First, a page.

He's got ice running through his veins. You get that when, starting at the age of 5, you spend every day during the winter skating. But it's not only ice running through Paul Hruby's veins; it's also the love of hockey and the sense of community it brings.
On Saturday, Hruby was honored for his life-long commitment to coaching, organizing, and promoting hockey and skating, in and around Oak Park. The Park District of Oak Park renamed Ridgeland Common Ice Arena the Paul Hruby Ice Arena.
How did the well-respected coach take the name change?
"Well, it feels kind of funny because I'm not dead yet," he said with a chuckle. "But I'm honored; I really am. It's a nice thing to do for someone. I don't know of any other rink named after someone."
Hruby, who at the age of 72 is still involved with hockey operations at Ridgeland (he's on the ice 2-3 times a week), first came onto the local scene in 1963. After playing for Michigan State University, Hruby was eager to put his knowledge of hockey to good use. Though his title has changed throughout the years from rink manager to director of hockey operations at Ridgeland, one thing has remained constant: Hruby's love of coaching. His mission to insert hockey into the mainstream at a local level led to what has been referred to as the first successful park district ice rink in the Chicago area.
"Many other park districts have followed our model," said Hruby, the first president of the Illinois Amateur Hockey Association. "It's a great success to have people take what you've done and make use of it."
Hruby went on to coach hockey at Fenwick (eight years, two league titles) and Morton College (seven years). He also started the Northwestern University Hockey Club and was instrumental in drawing females into the sport. Last year, he was inducted into the Illinois Hockey Hall of Fame.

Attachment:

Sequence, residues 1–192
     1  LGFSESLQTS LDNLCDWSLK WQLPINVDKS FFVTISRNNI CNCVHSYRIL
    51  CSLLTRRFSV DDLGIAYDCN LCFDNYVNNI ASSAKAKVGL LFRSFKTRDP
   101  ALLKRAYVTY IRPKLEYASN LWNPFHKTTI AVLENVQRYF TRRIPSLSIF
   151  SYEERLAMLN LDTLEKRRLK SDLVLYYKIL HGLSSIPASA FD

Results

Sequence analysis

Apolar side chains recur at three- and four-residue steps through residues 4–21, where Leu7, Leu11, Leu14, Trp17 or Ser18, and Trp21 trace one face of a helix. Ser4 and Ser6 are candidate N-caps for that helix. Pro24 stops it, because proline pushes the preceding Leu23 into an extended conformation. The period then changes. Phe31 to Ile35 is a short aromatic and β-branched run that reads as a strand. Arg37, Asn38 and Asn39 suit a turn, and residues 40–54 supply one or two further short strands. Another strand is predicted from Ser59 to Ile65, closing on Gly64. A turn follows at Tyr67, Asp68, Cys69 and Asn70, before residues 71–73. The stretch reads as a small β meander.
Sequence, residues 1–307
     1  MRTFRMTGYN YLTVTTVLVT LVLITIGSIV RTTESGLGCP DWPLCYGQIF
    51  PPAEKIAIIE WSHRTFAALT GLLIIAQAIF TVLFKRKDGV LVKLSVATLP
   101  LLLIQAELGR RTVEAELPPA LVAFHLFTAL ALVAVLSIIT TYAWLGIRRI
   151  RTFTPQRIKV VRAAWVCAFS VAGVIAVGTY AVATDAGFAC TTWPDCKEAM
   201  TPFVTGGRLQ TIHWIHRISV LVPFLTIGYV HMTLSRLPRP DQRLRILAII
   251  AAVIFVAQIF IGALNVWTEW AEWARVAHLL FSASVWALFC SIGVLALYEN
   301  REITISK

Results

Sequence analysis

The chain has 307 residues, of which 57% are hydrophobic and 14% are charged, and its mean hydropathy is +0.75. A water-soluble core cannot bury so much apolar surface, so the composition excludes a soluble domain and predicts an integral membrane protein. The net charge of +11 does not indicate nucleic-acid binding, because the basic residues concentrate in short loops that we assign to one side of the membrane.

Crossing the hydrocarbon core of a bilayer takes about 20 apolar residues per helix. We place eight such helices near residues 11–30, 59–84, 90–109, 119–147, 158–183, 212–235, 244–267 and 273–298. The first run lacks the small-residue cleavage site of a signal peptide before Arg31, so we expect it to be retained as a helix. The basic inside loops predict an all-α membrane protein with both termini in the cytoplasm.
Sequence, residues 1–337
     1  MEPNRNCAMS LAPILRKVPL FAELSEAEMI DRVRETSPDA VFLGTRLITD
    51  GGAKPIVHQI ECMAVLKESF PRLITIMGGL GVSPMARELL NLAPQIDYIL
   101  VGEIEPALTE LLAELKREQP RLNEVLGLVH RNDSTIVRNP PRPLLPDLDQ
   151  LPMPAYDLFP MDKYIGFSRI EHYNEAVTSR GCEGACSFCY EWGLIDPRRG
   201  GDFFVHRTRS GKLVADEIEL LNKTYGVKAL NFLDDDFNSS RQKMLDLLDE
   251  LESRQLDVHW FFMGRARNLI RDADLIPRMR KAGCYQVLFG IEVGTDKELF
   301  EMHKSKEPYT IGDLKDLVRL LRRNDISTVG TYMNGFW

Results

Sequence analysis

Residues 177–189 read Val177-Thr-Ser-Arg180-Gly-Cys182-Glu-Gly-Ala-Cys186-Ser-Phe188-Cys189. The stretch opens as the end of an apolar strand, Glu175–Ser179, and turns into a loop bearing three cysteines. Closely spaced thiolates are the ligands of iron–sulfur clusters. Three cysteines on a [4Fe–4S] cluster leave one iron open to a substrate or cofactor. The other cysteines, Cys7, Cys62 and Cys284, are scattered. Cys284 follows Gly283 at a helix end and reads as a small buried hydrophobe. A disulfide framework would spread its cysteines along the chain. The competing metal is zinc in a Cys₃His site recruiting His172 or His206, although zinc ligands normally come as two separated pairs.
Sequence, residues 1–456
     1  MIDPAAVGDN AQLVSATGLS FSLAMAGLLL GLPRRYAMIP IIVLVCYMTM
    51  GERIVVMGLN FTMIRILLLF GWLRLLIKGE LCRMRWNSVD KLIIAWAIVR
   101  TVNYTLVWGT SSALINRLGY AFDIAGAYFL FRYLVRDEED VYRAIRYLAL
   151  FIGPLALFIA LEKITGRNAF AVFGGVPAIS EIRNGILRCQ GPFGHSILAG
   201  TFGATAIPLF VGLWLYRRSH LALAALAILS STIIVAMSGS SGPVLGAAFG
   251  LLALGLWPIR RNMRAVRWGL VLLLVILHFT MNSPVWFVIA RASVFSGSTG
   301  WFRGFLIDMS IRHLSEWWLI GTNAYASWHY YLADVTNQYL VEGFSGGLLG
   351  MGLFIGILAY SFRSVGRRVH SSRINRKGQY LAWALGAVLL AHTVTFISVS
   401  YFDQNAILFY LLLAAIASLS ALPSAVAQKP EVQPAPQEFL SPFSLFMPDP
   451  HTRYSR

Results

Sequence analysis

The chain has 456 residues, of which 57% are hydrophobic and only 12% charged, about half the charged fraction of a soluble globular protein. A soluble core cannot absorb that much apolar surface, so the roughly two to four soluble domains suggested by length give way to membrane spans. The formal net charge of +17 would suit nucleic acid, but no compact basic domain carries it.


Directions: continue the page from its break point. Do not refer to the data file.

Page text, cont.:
But Hruby's ultimate goal wasn't league titles or lifetime achievement awards. He just wanted to get as many kids involved with organized hockey or skating as possible.
"My biggest success, looking back, would be that I feel I took a lot of kids off the streets, and I hope I helped make them good citizens," he said from his home in Berwyn. "I owe a great deal to the Park District of Oak Park for helping me do that."
Hruby, who once had to turn away a young grunt named Brett Hull because he already had too many players on his team-including Hull's two brothers-has his share of fans.
"He deserves to be recognized for all he has done for the kids, men and women who have had the honor to skate for him," said Joe Mikel, who played youth and college hockey under Hruby. "He approaches his hockey teaching and coaching as a way to teach people respect for themselves, respect for the game, and respect for people. His approach is to learn the game and have fun. That's why you encounter people around the country who know Paul Hruby."
Last year, along with Randy Ruff and Andrew Marks, Mikel petitioned the Park District of Oak Park Board of Commissioners with more than 1,200 Oak Park resident signatures to have the name of the rink changed in Hruby's honor. The board granted the request in August.
"I'm lucky that the park district has supported the sport for so many years," said Hruby, who spends his time off the rink boating, swimming, fishing and playing horn in a band. "When I think of the thousands of kids who have come through that door, I'm just amazed.
"I'm not through yet either," adds the popular coach. "I want every kid in Oak Park to at least try to learn how to skate, just to try it. That's my goal for next year."
Who's to say Hruby won't score yet another goal.